The Bat (1926) The Bat (1926) ***

     I call them the Colorful Killer movies. Perhaps the most consistently entertaining subspecies of the spooky house mystery, these early films (many if not most of them silent) pitted a more or less elaborately costumed murderer against the usual bunch of innocent and not-so-innocent potential victims, generally with the point of contention being some fabulous quantity of hidden cash or jewelry. What I personally find so fascinating about them is that, in addition to their more obvious influence on everything from the avowedly supernatural haunted house films that succeeded them to the superhero comics that started cropping up just as the cycle was beginning to wind down, the Colorful Killer movies seem to me to be the first recognizable step along the road to the modern-day slasher flick. Take a good, close look at the monkey-faced killer stalking the secret passages of Garth Manor in Hell Night, and then tell me he doesn’t remind you just a little of the talon-handed, fang-toothed, bulgy-eyed maniac stalking that other set of secret passages in The Cat and the Canary. Is there honestly all that big a difference between Walter Pidgeon (or his successors in the various remakes) dressing up like an ape to conceal his identity in The Gorilla and the New York Ripper’s bizarre habit of affecting a Donald Duck voice when he terrorizes his victims-to-be over the phone? Hell, stand The Terror’s cloaked and hooded killer up next to Ghostface from the Scream movies— just about the only difference there is that that damned Edvard Munch painting wasn’t yet staring down from the wall of every college dorm room in America in 1928. While the formulas into which they fit of course differ substantially, today’s slashers and yesterday’s Colorful Killers are very much the same basic breed of character.

     As for Roland West’s The Bat, it’s one of the earliest movies of its type that still survives. The story, derived ultimately from Mary Roberts Rinehart’s novel, The Circular Staircase, had been filmed previously under the original title in 1915, but that version appears to be lost now. Rinehart, together with Avery Hopwood, had also adapted The Circular Staircase to the stage in 1920 (at which point it was rechristened The Bat), where it proved so successful that it broke records for longevity on Broadway. With such a strong track record, The Bat would have seemed the natural property for West to exploit as a follow-up to his 1925 movie version of Crane Wilbur’s The Monster (first performed in 1922), especially since both plays featured a similar mix of mystery, horror trappings, and crude comedy. But whereas West fumbled badly with The Monster, even despite the casting of Lon Chaney as the primary villain, he did a much better job with The Bat, striking a more workable balance between (actual) horror and (mostly notional) humor, while giving his new movie a striking and memorable look that incorporates many of the innovations of the German Expressionists. It goes wrong in places, to be sure, but The Bat holds up astonishingly well across the ages.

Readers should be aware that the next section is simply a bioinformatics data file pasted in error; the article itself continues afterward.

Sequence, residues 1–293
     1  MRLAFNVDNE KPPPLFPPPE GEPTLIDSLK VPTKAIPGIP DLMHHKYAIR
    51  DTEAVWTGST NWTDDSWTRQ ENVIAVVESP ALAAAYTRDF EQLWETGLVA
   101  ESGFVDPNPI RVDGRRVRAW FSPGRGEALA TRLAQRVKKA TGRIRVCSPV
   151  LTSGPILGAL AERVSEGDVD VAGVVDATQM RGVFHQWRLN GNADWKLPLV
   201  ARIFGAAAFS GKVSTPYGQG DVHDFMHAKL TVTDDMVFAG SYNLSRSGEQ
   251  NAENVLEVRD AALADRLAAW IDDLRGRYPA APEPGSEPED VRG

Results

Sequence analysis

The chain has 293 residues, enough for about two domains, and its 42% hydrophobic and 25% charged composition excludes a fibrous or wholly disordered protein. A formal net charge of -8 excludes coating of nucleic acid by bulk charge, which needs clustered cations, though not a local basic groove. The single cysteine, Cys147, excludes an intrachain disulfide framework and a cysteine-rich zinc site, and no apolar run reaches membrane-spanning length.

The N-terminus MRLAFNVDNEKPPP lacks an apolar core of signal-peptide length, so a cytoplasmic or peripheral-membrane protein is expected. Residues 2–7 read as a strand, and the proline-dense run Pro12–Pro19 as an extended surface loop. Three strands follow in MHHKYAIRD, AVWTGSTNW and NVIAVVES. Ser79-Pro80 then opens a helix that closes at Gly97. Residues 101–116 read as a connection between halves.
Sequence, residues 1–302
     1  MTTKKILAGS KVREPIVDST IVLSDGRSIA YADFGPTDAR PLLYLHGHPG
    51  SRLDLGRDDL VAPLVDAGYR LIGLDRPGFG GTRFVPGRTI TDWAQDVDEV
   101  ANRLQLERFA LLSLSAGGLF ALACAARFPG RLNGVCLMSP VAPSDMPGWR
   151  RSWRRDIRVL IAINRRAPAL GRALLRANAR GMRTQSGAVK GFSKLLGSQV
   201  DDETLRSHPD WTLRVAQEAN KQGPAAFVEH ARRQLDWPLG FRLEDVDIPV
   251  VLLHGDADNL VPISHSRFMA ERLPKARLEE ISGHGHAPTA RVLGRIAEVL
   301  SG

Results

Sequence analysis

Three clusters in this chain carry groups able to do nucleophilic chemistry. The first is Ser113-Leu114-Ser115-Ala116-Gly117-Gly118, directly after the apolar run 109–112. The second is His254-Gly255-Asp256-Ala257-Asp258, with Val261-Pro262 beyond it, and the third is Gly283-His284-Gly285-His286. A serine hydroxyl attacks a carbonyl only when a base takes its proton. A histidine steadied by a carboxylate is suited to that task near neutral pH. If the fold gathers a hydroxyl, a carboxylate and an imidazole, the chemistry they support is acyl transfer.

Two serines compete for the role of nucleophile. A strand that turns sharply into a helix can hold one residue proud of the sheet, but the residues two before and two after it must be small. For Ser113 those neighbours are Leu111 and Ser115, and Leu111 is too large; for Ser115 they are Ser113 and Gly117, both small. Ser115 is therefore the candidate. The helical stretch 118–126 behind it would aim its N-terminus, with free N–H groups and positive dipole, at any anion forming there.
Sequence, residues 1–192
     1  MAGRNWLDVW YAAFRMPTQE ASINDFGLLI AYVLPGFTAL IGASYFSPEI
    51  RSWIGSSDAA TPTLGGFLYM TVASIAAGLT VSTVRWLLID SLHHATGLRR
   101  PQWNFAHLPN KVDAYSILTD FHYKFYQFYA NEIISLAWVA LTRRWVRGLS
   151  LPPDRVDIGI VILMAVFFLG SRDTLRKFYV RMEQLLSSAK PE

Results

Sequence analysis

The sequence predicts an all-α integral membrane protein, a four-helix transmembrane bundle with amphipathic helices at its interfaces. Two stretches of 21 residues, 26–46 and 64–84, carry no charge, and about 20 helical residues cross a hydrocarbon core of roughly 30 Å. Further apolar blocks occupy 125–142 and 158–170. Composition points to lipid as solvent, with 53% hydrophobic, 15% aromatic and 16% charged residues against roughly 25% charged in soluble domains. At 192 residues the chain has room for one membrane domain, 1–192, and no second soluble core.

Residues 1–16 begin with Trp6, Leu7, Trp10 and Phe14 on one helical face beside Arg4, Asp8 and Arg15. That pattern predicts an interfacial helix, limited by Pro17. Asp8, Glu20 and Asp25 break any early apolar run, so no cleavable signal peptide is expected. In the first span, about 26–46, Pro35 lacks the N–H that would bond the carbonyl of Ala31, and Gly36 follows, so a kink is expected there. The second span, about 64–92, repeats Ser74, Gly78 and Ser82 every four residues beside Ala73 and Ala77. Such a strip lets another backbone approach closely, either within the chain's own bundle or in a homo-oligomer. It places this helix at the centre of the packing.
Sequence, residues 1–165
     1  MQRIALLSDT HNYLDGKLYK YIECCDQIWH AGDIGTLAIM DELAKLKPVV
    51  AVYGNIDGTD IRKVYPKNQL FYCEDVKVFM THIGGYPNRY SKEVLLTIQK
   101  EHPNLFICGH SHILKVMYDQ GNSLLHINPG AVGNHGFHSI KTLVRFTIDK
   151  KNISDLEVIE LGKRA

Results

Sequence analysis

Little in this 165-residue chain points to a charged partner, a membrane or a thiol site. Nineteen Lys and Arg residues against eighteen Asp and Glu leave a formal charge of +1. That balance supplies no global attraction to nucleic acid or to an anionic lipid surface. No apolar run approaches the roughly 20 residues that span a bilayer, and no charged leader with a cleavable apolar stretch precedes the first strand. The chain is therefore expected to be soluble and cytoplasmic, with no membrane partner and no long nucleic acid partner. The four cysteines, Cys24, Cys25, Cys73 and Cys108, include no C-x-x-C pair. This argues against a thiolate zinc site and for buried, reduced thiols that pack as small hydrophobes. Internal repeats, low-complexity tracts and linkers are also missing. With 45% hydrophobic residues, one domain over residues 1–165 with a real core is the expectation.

We open on the New York penthouse apartment of one Gideon Bell (George Beranger, from The Avenging Conscience and The Walking Dead), a well-known jewelry collector and the current owner of “the fabulous Favre emeralds.” Bell has recently received a letter from a man calling himself the Bat, who helpfully warns Gideon that he’ll be stopping by at midnight to relieve him of the emeralds, and that there’s not a goddamned thing Bell or the police will be able to do about it. And indeed there is not. At the stroke of midnight, Bell hears a strange sound outside his window, and when he goes to investigate, the costumed man hanging by a rope from the roof garrotes Gideon, and helps himself to the gems. The Bat also leaves a taunting note behind for the police to discover, announcing that he’s off to the country upstate for a little relaxation.

     “The country” turns out to be Oakdale County, where the Bat means to rob the Oakdale Bank. Unexpectedly enough, however, a man in a black hat and raincoat, with a black bandana tied around his face (Charles Herzinger), has beaten the Bat to the punch. The man in black makes off with some $200,000 while the Bat is still busy picking the locks on the skylight. In frustration, the Bat trails the other thief’s car halfway across the county to the immense, sinister mansion owned by Courtleigh Fleming— and I’m guessing it isn’t quite a coincidence that Fleming is also the owner of the Oakdale Bank.

     Actually, that should have been “was.” As it happens, Fleming has just recently died while on some sort of holiday out in Colorado, and ownership of all his property has devolved upon his son, Richard (The Intruder’s Arthur Housman). Richard has mountains of gambling debts, and it looks to me like a fair proportion of them are owed to family physician Dr. H. E. Wells (Robert McKim), who suspiciously counsels the younger Fleming to clear the tenants out of the family mansion not too long after Bandanaman and the Bat converge on the property. Those tenants are Miss Cornelia Van Gorder (Emily Fitzroy); her niece, Dale Ogden (Jewel Carmen); and her “comically” high-strung maid, Lizzie Allen (Louise Fazenda, from The Terror and House of Horror). And as if matters weren’t already complicated enough with two masked thieves, a hazardously indebted tycoon, and a scheming doctor poking around the Fleming house, Dale just happens to be dating Brooks Bailey (Jack Pickford, of Ghost House), the Oakdale Bank teller who was on duty when the robbery occurred, and who has since disappeared under a cloud of suspicion. Indeed, he’s disappeared to the Fleming house, where Dale is trying to pass him off as a gardener. Oh— and there’s a sinister Japanese butler (Kamiyama Sojin, from The Unholy Night and the 1924 The Thief of Bagdad), basically because you can’t have a movie like this one without a sinister butler of foreign extraction.